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But that was then. Five years later, the Technical Writing professions in India has grown leaps and bounds. Every jobsite in India has hundreds of postings for technical writers. Organizations, not just IT companies, but also those in to Banking, Retail, and other areas are employing Technical Writers.  Definitely things are upwardly mobile.  


Proposal Writer’s Problems

As a writer/editor in a presales team, you certainly have the responsibility of publishing the right kind of persuasive message and ensure the “winnability” of a proposal. Proposals vary in size, number of pages, complexity, technicality, business domains, pricing, type of customer, etc. Sometime the only thing that you require to do is to replace the name of the customer from an old proposal and publish it for a prospect. However, this is not the case always. Many times, you are required to work on proposals that are unique. Here are the challenges that a writer/ editor face while working for a proposal:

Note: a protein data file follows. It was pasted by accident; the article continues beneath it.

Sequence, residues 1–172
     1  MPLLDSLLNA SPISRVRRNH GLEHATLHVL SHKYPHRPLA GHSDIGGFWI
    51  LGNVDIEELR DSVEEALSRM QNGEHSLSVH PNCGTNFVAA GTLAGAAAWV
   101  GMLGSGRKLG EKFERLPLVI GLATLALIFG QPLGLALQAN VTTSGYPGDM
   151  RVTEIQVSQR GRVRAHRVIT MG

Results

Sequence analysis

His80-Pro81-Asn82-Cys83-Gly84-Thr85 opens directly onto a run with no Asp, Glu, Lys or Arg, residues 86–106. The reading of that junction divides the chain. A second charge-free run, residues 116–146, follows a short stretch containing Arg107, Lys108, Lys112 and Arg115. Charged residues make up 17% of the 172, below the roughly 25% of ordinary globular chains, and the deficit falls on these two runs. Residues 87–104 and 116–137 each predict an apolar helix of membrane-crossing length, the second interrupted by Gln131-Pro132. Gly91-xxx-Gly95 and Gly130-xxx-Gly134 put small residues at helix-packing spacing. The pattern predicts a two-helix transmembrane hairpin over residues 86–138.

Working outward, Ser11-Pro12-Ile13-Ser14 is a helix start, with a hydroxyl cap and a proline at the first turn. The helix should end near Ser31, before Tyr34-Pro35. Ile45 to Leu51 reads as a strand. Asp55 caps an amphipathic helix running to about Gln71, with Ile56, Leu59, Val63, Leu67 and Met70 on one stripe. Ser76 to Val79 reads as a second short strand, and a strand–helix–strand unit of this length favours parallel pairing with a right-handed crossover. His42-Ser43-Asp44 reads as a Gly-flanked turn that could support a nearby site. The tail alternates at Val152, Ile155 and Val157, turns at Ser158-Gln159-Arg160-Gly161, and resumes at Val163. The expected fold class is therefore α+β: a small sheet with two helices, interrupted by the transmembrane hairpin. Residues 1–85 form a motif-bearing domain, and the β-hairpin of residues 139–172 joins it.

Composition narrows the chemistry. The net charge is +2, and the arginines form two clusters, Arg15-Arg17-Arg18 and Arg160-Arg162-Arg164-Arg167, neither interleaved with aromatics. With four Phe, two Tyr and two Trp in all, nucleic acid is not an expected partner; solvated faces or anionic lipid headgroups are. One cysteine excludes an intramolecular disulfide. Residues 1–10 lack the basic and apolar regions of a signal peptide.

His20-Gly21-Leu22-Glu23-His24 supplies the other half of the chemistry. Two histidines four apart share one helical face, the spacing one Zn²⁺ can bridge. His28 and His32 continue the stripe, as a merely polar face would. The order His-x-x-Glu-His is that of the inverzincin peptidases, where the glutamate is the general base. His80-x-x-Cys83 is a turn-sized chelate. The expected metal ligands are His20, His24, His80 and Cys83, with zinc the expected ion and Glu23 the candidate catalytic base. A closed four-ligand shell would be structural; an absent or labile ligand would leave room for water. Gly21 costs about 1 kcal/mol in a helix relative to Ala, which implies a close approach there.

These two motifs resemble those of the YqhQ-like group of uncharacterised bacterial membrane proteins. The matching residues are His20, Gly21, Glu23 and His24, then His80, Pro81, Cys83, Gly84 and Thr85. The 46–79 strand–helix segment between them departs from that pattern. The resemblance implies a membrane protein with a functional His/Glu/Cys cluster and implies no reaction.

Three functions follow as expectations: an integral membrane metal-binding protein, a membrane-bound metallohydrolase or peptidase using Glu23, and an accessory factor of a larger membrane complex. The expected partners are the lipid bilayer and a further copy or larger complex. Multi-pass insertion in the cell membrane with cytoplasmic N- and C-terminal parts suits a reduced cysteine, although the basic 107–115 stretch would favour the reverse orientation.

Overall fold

• Tsunami of information from stakeholders. This leads to information anarchy. As a thoughtful communicator, you need to rework and rearrange the information so that it serves the requirements of the prospect.
  • Lack of processes. Who send what to whom and when. These are the eternal questions asked by the presales team members from beginning to end of a proposal development lifecycle. Don the role of an information manager and design a feasible and scalable information process flow. This will help you control the problems to a certain extent.
  • Just correct the English. That’s what I have been asked to do at the penultimate hour many a times. I would suggest a technical writer to take complete control on the content quality in a proposal. Apart from grammar, ensure that the information is persuasive and helps you win the bid. You also have to work on the logical flow, usability and visual appeal of the proposal.